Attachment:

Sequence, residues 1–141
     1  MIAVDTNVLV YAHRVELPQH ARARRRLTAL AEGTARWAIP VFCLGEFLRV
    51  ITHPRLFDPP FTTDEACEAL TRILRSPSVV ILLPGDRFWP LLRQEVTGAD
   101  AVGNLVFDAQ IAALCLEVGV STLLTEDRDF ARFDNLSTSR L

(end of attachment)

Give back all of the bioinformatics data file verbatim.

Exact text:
Sequence, residues 1–141
     1  MIAVDTNVLV YAHRVELPQH ARARRRLTAL AEGTARWAIP VFCLGEFLRV
    51  ITHPRLFDPP FTTDEACEAL TRILRSPSVV ILLPGDRFWP LLRQEVTGAD
   101  AVGNLVFDAQ IAALCLEVGV STLLTEDRDF ARFDNLSTSR L